The Communications Commission of Kenya (CCK) has maintained there will be no third digital licence distributor, crushing media owners’ hopes of a third operator.
Media owners had been lobbying for a third licenced distributor, which they believed would level the playing field for those involved in the upcoming digital migration, and some broadcasters went as far as withdrawing their signals from the free-to-air bouquet.
The CCK is however adamant that only Chinese-owned StarTimes and Signet, a subsidiary of the government-owned Kenya Broadcasting Corporation (KBC), will hold licences, and went further in calling upon television stations to avail their free-to-air channels signals to pay-TV providers.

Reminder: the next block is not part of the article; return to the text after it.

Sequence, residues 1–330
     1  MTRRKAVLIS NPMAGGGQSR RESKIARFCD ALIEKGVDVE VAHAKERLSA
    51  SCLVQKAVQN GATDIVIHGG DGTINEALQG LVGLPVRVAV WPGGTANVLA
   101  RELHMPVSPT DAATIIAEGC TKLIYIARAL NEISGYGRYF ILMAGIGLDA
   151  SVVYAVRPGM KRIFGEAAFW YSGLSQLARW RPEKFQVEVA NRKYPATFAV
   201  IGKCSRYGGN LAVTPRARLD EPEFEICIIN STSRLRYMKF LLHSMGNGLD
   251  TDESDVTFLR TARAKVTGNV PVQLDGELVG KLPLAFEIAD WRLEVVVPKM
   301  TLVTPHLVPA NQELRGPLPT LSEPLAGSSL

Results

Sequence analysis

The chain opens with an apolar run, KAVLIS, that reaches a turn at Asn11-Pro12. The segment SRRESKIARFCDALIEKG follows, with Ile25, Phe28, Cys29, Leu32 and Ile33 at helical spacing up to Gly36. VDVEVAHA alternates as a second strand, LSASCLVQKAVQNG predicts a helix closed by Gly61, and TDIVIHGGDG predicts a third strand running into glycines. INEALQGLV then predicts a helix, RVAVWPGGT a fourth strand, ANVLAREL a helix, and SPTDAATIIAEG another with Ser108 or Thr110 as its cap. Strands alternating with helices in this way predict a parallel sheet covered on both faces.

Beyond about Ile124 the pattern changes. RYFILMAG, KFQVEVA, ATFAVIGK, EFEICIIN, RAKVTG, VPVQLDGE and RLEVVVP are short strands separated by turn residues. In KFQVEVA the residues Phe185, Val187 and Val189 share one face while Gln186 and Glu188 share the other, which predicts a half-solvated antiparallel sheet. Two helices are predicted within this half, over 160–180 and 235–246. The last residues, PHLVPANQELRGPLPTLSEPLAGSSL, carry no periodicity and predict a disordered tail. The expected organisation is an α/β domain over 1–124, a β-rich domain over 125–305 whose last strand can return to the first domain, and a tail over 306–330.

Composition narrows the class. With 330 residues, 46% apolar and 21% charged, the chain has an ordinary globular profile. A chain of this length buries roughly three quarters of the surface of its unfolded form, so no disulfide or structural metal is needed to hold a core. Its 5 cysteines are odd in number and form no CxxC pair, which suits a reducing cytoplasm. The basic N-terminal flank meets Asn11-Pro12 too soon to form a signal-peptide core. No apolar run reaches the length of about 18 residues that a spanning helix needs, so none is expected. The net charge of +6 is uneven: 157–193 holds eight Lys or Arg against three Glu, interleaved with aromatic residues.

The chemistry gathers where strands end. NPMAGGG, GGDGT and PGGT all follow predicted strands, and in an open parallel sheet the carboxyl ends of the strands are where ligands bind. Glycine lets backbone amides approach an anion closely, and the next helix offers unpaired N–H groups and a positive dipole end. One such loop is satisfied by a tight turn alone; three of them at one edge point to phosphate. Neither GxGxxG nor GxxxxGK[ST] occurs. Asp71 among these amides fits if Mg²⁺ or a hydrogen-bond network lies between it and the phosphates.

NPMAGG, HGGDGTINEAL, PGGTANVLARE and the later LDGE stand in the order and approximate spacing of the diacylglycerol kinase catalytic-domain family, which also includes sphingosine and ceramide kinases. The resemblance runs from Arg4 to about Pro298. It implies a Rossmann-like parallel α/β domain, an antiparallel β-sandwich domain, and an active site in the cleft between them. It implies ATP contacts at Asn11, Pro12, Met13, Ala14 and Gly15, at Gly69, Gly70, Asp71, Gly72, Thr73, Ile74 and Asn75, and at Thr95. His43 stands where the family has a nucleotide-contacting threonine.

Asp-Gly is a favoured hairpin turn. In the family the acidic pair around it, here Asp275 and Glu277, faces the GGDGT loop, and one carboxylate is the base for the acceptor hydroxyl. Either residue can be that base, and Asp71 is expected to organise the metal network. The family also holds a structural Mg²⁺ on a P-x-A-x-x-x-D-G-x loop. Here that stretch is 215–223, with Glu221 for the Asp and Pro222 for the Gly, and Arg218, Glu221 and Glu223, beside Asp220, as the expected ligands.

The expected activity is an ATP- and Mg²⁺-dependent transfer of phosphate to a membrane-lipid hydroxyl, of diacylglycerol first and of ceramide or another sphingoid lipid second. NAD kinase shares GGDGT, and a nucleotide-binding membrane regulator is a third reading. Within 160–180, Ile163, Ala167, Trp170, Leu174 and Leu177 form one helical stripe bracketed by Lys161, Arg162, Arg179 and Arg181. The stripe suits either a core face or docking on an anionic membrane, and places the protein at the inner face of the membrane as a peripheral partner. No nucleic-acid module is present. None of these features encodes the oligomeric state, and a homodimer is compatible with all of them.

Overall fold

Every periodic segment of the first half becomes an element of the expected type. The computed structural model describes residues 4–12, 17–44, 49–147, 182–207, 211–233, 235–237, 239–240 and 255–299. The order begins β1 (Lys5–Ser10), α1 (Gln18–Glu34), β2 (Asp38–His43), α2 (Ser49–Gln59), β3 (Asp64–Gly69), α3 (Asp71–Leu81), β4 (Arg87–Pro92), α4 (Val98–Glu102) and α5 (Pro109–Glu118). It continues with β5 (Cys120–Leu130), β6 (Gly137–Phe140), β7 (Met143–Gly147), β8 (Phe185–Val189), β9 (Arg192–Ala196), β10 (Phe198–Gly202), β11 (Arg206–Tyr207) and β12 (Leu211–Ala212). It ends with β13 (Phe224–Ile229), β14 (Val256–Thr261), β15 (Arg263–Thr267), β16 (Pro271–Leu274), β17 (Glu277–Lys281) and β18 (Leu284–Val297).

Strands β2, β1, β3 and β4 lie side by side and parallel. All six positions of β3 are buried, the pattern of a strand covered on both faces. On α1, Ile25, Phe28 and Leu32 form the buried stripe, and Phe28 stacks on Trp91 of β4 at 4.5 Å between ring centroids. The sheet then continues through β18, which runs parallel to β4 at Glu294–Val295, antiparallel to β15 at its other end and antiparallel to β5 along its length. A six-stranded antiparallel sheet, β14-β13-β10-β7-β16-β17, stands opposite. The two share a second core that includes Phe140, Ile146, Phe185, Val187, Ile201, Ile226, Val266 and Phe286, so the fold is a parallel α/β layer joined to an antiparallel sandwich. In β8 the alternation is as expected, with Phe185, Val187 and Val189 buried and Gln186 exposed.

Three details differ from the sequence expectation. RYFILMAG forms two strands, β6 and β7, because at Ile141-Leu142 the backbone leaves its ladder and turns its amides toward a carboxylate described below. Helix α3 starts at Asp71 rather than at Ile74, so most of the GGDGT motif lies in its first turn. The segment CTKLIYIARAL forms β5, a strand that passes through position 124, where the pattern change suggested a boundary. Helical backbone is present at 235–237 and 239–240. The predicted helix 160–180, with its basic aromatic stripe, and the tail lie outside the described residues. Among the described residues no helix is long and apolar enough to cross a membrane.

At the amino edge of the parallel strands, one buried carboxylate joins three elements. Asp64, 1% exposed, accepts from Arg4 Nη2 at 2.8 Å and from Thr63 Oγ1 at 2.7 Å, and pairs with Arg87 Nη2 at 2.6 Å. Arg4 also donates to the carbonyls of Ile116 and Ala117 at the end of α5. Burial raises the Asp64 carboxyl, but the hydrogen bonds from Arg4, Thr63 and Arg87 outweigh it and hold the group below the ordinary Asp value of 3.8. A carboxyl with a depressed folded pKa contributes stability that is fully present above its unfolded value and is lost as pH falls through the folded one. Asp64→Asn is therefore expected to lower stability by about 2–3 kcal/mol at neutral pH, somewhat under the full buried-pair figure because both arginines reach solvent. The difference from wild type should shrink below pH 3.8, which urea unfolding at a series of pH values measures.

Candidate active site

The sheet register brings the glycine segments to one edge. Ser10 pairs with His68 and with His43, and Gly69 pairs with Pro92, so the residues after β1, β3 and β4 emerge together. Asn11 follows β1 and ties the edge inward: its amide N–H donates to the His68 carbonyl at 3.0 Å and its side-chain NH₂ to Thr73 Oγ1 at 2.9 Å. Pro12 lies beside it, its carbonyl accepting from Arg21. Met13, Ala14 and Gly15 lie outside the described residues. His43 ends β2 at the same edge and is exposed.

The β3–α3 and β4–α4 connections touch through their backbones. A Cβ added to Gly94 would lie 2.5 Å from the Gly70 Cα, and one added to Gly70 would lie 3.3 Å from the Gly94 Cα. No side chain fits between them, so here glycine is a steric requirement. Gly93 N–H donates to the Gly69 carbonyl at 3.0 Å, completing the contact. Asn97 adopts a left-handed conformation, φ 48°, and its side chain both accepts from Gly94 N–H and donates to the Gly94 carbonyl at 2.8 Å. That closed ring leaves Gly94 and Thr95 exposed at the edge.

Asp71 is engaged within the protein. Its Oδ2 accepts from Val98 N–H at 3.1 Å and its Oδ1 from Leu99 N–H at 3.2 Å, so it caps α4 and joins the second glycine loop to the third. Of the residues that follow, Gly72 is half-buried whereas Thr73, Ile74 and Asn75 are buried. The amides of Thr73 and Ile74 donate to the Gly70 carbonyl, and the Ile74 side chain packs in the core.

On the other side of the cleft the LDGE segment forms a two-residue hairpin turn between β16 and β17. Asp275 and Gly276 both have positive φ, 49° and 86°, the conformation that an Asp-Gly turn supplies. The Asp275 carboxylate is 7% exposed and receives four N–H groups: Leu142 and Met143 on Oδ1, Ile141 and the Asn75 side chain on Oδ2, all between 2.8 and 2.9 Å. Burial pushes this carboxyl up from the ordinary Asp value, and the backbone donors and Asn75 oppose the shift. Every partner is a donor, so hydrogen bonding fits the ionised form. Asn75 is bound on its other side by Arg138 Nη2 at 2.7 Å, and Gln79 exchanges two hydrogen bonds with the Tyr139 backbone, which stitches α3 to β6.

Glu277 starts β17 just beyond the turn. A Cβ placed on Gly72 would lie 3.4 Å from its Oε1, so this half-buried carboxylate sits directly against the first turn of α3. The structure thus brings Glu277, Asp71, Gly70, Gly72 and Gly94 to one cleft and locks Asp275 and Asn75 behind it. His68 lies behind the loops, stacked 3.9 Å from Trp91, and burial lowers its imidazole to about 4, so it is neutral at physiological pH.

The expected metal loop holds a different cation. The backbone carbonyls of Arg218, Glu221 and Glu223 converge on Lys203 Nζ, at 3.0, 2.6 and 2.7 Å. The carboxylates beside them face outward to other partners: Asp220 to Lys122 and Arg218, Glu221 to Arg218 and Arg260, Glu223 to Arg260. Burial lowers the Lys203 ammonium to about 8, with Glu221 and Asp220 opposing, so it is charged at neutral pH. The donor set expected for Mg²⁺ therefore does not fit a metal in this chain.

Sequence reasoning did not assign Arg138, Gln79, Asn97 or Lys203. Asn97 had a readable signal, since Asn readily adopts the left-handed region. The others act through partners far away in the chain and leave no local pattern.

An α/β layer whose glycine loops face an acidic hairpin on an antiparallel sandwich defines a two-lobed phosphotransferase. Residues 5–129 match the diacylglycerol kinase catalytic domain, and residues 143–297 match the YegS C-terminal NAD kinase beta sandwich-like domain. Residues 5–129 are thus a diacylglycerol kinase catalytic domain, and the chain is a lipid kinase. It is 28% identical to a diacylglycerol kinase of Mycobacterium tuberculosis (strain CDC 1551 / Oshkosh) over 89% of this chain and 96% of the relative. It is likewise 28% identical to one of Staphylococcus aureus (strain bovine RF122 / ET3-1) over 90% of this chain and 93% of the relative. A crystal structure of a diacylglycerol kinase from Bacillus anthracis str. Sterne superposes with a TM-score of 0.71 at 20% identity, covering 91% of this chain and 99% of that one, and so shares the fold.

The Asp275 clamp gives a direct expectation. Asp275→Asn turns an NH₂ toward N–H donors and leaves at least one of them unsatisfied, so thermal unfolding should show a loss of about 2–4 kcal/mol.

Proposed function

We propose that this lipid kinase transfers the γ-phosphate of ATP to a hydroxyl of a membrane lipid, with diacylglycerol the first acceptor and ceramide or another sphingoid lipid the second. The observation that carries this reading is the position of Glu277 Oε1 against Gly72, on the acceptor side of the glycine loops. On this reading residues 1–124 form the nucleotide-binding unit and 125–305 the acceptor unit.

“We want to spell this out very clearly, as long as you are free-to-air and we know where your competition is, those channels must be seen by Kenyans as free-to-air,” said CCK director general Francis Wangusi while addressing media and media owners at a forum.
“They will not be part of the bouquet, if they are part of the bouquet then they are must carry channels which means whether somebody pays for your bouquet or not they should be able to see free-to-air channels on your bouquet.”
He said there was lack of sufficient spectrum to be able to give the third signal distribution licence, due to poor infrastructure and high setup costs.
Wangusi also defended the CCK, saying they had asked media owners to come together for a licence but they failed to put together a legitimate consortium.
Wilfred Kiboro of the Media Owners Association (MOA) said both StarTimes and Signet had links to the government and this did not auger well for press freedom for the country.
“We expect the government to show its respect for this freedom by allocating the licence to an independent entity,” he added.